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Article: New observations on the ecology of the Permian Capitan Reef, Texas and New Mexico

Publication: Palaeontology
Volume: 39
Part: 3
Publication Date: September 1996
Page(s): 733 762
Author(s): Rachel Wood, J. A. D. Dickson and Brenda L. Kirkland
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How to Cite

WOOD, R., DICKSON, J. A. D., KIRKLAND, B. L. 1996. New observations on the ecology of the Permian Capitan Reef, Texas and New Mexico. Palaeontology39, 3, 733–762.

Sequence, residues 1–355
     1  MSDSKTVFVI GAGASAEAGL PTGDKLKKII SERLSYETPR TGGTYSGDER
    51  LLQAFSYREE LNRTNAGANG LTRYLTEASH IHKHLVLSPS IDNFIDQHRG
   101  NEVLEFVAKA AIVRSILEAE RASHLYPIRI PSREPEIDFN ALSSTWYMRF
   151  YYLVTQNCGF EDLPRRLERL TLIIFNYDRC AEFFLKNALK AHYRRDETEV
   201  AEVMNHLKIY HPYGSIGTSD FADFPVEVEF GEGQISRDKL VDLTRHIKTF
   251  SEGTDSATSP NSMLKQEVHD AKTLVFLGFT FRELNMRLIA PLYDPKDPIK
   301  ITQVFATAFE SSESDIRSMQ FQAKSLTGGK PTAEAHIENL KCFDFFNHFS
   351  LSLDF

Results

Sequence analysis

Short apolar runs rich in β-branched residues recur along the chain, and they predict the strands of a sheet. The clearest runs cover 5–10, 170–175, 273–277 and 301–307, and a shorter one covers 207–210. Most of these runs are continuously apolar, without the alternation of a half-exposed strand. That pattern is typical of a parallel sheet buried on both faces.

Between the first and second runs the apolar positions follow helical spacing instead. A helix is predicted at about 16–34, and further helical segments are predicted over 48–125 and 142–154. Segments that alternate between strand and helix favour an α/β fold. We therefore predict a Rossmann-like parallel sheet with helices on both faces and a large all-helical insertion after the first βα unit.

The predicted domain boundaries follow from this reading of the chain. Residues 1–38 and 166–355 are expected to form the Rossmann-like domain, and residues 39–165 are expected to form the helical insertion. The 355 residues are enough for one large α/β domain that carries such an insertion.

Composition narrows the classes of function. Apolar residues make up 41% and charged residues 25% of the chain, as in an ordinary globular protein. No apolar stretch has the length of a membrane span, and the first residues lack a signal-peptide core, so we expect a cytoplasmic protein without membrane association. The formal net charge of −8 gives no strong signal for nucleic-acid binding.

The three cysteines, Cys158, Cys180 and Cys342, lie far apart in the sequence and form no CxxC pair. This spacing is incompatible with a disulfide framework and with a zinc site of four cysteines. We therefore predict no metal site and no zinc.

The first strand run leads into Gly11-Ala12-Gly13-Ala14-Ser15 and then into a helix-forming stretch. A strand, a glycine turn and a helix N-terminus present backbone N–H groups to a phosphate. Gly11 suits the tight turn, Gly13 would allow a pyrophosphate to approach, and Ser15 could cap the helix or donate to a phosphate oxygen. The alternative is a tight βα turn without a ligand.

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The Permian Capitan reef was a predominantly heterotrophic ecosystem strongly differentiated into open surface and cryptic communities. Unlike modern phototrophic coralgal reefs, most of the preservabh epibenthos was housed within the cryptos and zonation developed only in the shallow parts of the reef Contrary to established opinion, most sphinctozoan sponges did not grow upright to form a baffling framework but rather were pendent cryptobionts, as were nodular bryozoans and rare solitary rugose coral: and crinoids. Indeed, many members of the cryptos were obligate cryptobionts. Much of the Middle Capital reef framework was constructed by a scaffolding of large frondose bryozoans, with the subsidiary platy sphinctozoan Guadalupia zitteliana. Bathymetrically shallow areas of both the Middle and Upper Capitan reef however, were characterized by platy sponges. In parts of the Upper Capitan, some platy sponge; (Gigantospongia discoforma) reached up to 2 m in diameter and formed the ceilings of huge cavities which supported an extensive cryptos.In the absence of destructive forces (both biotic and physical) prevalent on modern reefs, the relatively fragili Capitan reef remained intact after the death of the constructing organisms. Rigidity was imparted to this community by a post-mortem encrustation of Tubiphytes and Archaeolithoporella, together with microbia micrite. The resultant cavernous framework was partially infilled with sediment and preserved by syn sedimentary intergrowth of aragonitic botryoids and Archaeolithoporella. Extensive cement precipitation was favoured by a number of factors including deep anoxia, which generated upwelling waters with elevated alkalinity. Although the accumulation rate of the Capitan may have been comparable to that of moden coralgal reefs, both the trophic structure and relative contributions of inorganic and organic carbonate wen profoundly different.
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